KATY: Yeah, and I think he hit on really a couple of key points. I think many people still are approaching what we talk about in the same way that he initially thought of as, “I’m a very busy, successful person. I’m successful, whether it’s at work or parenting or volunteering.” Whatever it’s your do that you devote a lot of a bulk or your time to, whatever you’re seeing as defines you. Whatever that is. People don’t want to pull time away from that because it’s logical to assume that if you’re going to be doing it less you’d become less successful. But I think why I asked Ben that question specifically is because I myself have found the opposite to be true. The amount of time I spend working is full of dead space: where I’m dead creatively; where I’m dead mentally; where I’m take a long time to accomplish a thing because my mind is sluggish. I end up working better when my movement time is greater than my – it doesn’t have to be greater than my work time but it has to be greater than it was before. Instead of trying to go, I don’t have enough time to exercise – you’re not adding exercise time. You don’t have to do anything with your exercise time. He took the time that he was normally riding the subway to work and just walked to work. He figured out a way to replace lying on the couch with a pizza watching Game of Thrones --
Dani – which is not such a bad plan occasionally --
KATY: Yeah, there’s nothing wrong with a pizza and a couch and Game of Thrones, which, I didn’t even know what the Game of Thrones was. I hate to even put that out there. You know, you were a part of that conversation. We need rest, but at the same time it’s hard to parse the sensations coming from your body. Is it that I need to rest or am I sluggish because I haven’t moved at all? Sloth breeds more sloth and it’s easy to get into the cycle of, “oh, I just need to keep sitting here! I just need to keep sitting here and I don’t feel good so I’ll rest,” but sometimes getting up and moving through you’ll get more energy side from expending energy. I know this seems counter-intuitive, but just do it, and you’re likely to experience what it is that we’re talking about.
DANI: Mm-hmm. I’m so glad we got to talk with him today.
KATY: Me too.
DANI: In honor or to give a shout out to his use of technology, let’s throw in a little of our own: if you want to reach out to Ben via twitter, we’ll have this in the show notes but you can get him at @BenPobjoy (that’s B-E-N-P-O-B-J-O-Y, so @BenPobjoy) if you want to give him a shout out or some props, and you can also reach out to us on Twitter. So Katy is @AlignedandWell and I am @Restoremovement. A huge thanks to Ben for taking the time to share this and talk with us today, because I’m sure it’s inspired tons of people – I mean, like you said, it was what, 30,000 views?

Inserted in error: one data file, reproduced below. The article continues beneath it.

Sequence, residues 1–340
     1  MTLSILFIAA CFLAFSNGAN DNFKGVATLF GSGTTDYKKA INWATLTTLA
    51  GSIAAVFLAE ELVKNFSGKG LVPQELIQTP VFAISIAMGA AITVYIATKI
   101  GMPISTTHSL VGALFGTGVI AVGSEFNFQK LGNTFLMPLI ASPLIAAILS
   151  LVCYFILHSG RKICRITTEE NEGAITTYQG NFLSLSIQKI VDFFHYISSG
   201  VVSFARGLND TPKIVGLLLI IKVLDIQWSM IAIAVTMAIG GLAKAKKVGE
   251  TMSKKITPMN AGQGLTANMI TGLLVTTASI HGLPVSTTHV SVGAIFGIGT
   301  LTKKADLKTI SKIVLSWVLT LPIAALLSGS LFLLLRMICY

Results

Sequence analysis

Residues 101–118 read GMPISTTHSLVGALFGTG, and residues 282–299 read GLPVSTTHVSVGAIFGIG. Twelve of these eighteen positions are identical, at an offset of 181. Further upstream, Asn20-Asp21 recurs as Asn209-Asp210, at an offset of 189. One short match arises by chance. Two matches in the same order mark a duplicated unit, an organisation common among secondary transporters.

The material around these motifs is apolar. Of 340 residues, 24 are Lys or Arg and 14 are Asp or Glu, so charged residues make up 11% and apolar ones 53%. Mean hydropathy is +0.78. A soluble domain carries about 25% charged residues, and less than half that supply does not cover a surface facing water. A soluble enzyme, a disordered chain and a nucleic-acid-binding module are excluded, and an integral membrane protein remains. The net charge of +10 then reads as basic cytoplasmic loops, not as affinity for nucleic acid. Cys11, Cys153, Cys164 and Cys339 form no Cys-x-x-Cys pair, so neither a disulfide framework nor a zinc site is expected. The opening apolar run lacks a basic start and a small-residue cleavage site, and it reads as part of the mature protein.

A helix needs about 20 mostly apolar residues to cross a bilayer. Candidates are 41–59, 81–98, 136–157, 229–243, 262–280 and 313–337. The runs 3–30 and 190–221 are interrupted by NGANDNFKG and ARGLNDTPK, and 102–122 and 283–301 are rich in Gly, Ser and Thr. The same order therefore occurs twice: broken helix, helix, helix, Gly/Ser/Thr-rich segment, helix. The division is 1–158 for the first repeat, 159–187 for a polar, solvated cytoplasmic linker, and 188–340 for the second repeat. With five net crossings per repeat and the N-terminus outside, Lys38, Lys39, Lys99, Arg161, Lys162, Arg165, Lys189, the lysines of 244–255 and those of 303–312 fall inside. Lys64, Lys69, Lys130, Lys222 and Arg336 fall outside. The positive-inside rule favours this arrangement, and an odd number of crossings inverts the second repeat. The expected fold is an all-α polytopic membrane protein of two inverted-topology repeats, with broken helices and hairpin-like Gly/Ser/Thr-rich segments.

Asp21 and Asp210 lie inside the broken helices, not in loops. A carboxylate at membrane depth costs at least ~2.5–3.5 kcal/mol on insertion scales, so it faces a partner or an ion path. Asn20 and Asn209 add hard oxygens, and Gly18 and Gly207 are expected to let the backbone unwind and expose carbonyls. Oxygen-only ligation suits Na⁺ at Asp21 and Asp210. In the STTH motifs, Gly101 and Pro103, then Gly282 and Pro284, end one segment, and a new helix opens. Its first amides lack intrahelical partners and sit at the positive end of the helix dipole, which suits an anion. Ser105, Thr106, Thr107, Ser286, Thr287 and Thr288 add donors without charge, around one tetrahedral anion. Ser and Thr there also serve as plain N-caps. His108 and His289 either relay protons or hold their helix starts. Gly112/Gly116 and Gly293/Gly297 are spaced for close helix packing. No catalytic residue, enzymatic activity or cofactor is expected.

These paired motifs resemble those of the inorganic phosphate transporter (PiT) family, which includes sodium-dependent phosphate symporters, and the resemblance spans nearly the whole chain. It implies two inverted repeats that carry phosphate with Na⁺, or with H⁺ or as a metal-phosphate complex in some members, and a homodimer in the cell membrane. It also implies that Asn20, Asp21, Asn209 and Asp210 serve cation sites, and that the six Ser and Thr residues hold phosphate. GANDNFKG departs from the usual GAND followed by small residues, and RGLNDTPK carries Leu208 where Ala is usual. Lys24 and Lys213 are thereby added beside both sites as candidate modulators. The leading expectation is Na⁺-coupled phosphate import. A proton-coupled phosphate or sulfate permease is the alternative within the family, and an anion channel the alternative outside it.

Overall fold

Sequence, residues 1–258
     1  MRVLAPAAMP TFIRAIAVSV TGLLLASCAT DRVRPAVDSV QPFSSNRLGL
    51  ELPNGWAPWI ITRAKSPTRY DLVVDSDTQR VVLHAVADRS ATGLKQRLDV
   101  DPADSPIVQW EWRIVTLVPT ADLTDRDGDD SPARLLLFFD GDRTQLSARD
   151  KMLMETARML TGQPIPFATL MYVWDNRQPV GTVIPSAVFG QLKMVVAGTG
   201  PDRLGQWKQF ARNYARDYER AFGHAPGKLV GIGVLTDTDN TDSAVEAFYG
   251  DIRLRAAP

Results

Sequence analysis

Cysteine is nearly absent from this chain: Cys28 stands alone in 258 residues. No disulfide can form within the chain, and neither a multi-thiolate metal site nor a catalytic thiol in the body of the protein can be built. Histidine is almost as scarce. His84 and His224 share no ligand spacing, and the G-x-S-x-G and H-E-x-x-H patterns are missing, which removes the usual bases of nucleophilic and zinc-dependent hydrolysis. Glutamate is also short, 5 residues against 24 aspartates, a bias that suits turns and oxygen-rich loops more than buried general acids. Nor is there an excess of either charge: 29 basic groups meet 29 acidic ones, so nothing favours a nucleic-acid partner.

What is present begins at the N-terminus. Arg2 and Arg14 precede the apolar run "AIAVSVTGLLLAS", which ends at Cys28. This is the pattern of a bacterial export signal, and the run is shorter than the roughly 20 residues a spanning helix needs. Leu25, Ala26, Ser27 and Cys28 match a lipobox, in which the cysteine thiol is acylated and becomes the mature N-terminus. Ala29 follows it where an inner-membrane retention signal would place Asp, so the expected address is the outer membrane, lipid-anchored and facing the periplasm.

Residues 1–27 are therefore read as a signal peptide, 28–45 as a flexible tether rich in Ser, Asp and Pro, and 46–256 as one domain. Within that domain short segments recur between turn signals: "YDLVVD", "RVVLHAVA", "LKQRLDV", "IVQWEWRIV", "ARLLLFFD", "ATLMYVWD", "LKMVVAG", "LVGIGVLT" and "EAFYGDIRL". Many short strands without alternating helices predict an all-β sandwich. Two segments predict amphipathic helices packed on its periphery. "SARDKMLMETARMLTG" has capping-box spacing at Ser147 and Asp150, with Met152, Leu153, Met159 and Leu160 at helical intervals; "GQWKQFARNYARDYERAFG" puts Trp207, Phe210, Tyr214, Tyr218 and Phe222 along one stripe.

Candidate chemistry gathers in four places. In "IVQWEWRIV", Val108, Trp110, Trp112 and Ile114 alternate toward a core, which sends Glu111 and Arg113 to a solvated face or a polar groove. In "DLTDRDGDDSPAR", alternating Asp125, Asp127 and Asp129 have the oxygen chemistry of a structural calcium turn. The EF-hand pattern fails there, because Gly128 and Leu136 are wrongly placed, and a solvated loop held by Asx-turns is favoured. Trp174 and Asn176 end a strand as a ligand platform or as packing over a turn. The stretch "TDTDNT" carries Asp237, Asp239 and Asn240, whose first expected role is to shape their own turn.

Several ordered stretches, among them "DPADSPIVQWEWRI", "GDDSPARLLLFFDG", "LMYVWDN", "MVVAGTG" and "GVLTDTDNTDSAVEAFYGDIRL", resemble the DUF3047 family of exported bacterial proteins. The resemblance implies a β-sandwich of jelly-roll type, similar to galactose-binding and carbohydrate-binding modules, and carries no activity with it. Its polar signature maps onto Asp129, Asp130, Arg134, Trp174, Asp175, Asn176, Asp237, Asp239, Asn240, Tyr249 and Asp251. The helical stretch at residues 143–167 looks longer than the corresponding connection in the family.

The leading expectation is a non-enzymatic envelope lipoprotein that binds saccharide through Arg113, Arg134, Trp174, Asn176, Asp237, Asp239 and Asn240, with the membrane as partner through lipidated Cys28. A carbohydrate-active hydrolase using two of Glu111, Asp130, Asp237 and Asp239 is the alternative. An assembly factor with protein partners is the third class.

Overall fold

KATY: Yeah, that was just in the first week, so I don’t even know what it is now.
DANI: And it keeps popping up here and there. It’s great.
KATY: He’s all over the world.
DANI: Ben. We’ll put that link to his Facebook post in the show notes as well as the podcast list and things like that.
KATY: I have an interesting bit, though, as we go out. I had a friend who was like, the most interesting thing I’ve found about that post was how his tattoos looked, because he has a lot of cool tattoos, as does my friend. She said, I would have assumed that losing so much weight would have changed the shape of the tattoo, and she said it didn’t. They held perfectly as they moved over. I’ve had a conversation with other people where they’re afraid to change the shape of their body because they’re worried that it’s going to affect their tattoo. So I just thought that was interesting.
DANI: It’s funny, I actually had my husband read the post and the first thing he said after, “awesome!” was, “whoa, his tattoos look awesome.”
KATY: I know!
DANI: They got very defined. Someday we have to do a show on skin!
KATY: Skin skin!
DANI: Okay, well, thanks for listening. For more information, if you want to find out more about us: books, online classes – you can find Katy at KatySays.com and you can learn more about me, Dani Hemmat, movement warrior and mistress of puns at MoveYourBodyBetter.com. You can follow us both on Facebook. Thanks for listening, and we’ll see you next time.